Twitter – Scary for Local Business?

By January 1, 2013Social Media

Of the three big social media outlets (Facebook, LinkedIn and Twitter), I find that Twitter conjures the most resistance in marketing plans for local businesses. Facebook is easy for them, everyone from tweens to grandmas are on Facebook. LinkedIn, every professional has a profile. If you don’t, consider yourself out of the game. But Twitter takes a little more convincing.

The biggest response I hear is, “Why do I want to know when people are brushing their teeth?” and “I don’t want people to know what I am doing!”  If that is your perception of the information on Twitter, you are missing the double rainbow.

With almost a billion tweets a week, an opportunity for you to share your brand to a community of friends who are already interested in you, is being placed right in your hand. What are you afraid of?

Yes, we’ve all heard the twitter tales of brands falling victim to blunders and over-sharing. In fact, I tweeted about it, The 7 Worst Twitter PR Fails. There are lessons to be learned for sure, but the majority of us tweet responsibly and connect with people on a daily basis. And the magic word here is “connect”.  A connection puts a human face on a company.

For example, 2 years ago I went to lunch at Gordon Biersch in the Power & Light District.  My hamburger was fantastic, definitely top-five. I hardly ever go to P&L, but last year I went to Gordon Biersch again and had a wonderful meal. I noticed they were on Twitter and began following them. Over the course of the year, I began to feel a personal connection to this restaurant. I have not been to Gordon Biersch in the last year (I just haven’t been in the area), but I have recommended them to at least 30 people. These were not ordinary recommendations, they were passionate recommendations. I really made a convincing argument of why they should eat there. I became an invested consumer. I can guarantee that I would not have been that passionate (after only two visits in two years) if I didn’t have that personal connection on Twitter. You can’t buy that kind of connection. You can’t get it from a direct mail piece or an ad in the newspaper. That kind of passion comes from creating a personal connection that you can only get from social media.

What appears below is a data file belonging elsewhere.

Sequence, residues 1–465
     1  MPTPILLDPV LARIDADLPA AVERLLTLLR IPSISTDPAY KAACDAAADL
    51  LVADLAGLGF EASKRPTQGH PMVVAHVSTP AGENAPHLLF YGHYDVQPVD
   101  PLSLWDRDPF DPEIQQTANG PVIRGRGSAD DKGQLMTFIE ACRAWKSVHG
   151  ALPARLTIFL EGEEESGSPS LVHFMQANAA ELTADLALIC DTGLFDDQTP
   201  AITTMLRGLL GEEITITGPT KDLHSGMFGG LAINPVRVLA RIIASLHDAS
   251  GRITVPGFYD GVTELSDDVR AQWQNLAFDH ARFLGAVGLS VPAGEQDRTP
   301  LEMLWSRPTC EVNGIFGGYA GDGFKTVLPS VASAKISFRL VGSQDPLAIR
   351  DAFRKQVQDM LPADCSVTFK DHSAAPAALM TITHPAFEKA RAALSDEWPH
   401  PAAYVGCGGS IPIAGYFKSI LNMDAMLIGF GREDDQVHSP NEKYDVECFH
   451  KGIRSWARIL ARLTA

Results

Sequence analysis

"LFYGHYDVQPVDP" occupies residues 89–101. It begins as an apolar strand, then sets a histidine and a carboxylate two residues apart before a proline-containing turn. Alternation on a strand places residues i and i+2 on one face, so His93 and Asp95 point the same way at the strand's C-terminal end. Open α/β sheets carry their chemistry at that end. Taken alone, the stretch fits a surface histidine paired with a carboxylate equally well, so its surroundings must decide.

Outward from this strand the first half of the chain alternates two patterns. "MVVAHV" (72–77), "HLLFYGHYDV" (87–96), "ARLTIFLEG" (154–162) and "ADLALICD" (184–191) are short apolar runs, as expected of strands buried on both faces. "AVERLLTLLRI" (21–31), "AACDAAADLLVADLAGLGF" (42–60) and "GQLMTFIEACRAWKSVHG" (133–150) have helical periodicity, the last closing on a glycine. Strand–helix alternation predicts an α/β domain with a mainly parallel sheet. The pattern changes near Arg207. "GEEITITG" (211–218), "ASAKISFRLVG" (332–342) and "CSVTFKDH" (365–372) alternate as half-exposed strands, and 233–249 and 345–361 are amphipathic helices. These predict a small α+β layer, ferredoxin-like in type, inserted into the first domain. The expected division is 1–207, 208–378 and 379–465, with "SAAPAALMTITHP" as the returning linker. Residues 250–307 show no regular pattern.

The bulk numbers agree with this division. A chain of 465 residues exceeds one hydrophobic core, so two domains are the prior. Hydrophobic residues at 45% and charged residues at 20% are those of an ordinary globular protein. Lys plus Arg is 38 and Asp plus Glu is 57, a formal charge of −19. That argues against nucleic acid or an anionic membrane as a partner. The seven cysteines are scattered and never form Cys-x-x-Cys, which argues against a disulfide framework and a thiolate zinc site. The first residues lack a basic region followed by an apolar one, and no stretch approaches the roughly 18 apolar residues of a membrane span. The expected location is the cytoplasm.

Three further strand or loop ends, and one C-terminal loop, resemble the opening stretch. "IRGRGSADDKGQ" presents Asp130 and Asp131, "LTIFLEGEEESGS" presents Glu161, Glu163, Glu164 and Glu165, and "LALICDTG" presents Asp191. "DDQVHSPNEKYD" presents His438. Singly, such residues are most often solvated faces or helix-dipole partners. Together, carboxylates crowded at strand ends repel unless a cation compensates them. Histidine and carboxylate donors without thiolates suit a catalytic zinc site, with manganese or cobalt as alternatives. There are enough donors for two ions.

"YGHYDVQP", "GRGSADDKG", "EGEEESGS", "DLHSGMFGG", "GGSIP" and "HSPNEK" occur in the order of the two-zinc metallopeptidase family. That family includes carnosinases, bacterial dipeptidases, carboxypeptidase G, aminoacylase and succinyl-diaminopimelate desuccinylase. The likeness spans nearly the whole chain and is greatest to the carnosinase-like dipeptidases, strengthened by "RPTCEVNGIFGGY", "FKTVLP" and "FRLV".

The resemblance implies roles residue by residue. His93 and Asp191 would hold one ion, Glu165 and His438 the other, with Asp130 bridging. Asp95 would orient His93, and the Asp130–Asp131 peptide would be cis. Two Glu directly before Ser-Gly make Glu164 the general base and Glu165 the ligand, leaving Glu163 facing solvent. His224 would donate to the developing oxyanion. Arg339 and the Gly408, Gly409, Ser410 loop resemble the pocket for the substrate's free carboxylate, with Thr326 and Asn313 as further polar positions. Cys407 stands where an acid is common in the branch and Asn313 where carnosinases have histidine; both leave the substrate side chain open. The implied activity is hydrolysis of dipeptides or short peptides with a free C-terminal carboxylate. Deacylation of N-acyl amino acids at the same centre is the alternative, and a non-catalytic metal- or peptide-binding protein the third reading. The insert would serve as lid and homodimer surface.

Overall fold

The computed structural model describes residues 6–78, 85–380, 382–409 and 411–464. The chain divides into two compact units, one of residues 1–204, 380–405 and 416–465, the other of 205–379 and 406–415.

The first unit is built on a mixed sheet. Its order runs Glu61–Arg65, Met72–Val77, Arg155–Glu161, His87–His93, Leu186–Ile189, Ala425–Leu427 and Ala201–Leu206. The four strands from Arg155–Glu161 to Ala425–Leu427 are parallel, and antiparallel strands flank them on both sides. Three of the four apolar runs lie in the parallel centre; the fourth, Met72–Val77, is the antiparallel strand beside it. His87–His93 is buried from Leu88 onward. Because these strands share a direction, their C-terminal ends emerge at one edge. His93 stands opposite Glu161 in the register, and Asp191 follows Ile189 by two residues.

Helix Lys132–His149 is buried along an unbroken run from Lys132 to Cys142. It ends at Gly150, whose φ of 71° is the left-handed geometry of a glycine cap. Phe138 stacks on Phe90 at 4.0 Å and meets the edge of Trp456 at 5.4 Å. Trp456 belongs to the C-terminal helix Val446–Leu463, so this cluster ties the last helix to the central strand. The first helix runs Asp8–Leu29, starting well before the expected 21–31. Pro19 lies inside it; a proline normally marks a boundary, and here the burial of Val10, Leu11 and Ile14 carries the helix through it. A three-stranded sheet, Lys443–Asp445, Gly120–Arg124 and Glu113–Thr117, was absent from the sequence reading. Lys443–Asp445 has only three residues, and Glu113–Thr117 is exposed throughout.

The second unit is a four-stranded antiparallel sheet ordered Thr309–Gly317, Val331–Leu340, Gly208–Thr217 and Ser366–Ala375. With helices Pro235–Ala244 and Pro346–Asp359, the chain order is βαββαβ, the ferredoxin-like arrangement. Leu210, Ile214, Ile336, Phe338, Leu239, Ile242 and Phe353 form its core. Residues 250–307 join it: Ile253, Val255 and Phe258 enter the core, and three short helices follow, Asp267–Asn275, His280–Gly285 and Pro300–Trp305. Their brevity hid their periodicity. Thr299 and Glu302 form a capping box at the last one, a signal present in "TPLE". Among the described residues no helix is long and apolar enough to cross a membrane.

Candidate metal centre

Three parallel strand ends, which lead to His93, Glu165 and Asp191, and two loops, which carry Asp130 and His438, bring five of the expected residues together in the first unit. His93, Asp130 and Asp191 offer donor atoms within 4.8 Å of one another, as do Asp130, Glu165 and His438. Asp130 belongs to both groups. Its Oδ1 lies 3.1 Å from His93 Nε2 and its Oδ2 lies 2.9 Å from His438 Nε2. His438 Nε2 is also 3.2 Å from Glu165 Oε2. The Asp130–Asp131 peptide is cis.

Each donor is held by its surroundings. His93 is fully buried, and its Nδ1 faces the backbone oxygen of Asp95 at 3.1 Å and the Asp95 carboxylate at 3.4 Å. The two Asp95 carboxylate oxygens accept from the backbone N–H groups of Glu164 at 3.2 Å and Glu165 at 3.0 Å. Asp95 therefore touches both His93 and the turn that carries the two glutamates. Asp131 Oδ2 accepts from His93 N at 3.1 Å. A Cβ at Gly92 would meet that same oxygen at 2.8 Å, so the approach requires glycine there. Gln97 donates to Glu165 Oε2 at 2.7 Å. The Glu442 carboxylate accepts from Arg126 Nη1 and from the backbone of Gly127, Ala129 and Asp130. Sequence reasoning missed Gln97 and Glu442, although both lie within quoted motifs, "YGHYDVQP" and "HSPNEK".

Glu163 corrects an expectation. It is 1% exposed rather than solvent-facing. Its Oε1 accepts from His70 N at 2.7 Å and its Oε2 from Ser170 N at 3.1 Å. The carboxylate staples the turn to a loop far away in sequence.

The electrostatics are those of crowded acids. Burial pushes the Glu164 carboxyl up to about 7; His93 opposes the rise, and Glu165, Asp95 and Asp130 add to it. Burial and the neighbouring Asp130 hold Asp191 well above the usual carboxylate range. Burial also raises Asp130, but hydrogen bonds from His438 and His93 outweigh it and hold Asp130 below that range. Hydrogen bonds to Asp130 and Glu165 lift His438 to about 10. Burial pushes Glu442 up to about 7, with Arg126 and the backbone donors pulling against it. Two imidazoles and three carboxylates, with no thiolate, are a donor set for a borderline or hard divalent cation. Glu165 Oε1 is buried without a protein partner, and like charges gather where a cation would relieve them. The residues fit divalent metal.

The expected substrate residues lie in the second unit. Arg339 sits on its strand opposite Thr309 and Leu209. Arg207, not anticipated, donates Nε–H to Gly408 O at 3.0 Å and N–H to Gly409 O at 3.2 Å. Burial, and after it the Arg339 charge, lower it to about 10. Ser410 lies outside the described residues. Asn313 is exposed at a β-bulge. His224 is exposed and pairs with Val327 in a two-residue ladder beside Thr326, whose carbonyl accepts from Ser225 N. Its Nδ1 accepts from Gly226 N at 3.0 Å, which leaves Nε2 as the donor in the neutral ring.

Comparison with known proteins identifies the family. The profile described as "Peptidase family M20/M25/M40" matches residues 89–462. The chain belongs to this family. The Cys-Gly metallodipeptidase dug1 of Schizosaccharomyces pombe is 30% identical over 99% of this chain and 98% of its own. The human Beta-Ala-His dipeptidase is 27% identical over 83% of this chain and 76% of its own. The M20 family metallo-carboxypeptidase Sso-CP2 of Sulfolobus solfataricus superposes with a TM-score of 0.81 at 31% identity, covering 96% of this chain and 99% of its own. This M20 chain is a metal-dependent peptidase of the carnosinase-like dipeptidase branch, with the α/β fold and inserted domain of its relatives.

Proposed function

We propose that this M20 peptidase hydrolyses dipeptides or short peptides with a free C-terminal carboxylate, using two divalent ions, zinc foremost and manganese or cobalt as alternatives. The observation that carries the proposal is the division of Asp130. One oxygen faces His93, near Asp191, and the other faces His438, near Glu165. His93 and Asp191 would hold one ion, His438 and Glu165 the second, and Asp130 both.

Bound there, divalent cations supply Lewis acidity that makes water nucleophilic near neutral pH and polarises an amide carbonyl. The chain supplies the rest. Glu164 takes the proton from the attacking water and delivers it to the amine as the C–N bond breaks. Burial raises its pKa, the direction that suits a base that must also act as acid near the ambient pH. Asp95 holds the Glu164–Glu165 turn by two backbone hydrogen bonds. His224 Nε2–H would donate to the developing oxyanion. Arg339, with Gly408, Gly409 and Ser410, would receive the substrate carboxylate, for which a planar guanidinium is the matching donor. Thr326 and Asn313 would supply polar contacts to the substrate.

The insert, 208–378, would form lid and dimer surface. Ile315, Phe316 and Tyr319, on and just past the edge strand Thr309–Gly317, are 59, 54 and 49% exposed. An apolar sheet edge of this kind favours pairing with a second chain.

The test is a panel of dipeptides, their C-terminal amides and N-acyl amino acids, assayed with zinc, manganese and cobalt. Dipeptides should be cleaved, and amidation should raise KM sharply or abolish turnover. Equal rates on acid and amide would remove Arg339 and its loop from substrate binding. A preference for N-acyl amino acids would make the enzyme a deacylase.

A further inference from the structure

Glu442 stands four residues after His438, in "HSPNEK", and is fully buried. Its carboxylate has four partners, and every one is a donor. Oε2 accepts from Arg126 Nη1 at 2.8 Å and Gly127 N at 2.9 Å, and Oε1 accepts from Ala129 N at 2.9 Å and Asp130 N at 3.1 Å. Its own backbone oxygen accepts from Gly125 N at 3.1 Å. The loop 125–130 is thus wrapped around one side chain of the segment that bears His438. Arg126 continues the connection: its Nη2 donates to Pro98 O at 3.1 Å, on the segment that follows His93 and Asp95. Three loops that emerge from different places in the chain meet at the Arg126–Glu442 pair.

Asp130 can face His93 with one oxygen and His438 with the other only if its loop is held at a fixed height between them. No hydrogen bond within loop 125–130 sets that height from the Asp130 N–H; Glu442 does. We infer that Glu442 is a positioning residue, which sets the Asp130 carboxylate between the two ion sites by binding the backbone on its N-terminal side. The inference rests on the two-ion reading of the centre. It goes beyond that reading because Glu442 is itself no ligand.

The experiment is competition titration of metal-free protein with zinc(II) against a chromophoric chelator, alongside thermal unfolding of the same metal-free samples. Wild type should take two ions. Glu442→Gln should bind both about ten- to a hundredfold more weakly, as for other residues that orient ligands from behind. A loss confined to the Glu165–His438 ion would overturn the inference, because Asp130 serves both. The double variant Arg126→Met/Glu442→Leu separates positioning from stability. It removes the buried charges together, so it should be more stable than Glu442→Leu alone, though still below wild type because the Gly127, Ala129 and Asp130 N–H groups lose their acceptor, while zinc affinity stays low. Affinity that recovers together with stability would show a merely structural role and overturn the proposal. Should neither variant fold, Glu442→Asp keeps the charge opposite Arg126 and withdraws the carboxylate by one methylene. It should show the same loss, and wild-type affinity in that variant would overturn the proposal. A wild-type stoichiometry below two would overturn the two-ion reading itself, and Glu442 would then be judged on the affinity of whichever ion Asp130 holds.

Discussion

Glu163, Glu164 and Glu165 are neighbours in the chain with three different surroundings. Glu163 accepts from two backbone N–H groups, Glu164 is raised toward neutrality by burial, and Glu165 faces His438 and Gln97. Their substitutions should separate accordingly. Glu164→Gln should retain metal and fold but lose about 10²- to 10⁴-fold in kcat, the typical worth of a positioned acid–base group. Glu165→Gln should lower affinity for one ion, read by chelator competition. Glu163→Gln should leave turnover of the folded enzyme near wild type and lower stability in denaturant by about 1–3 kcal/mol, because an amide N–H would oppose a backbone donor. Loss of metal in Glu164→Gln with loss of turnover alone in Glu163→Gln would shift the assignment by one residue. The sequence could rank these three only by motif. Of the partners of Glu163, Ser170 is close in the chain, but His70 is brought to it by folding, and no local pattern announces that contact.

Why Twitter?  Simple, you have to go where your audience is, even if you are uncomfortable with it. Twitter is much less of a commitment than a blog or even Facebook. It’s fast, it’s easy, and there are fewer distractions than Facebook.

Local business should not be scared to use Twitter; they should be scared of what happens if they don’t.

Author Amanda Hall

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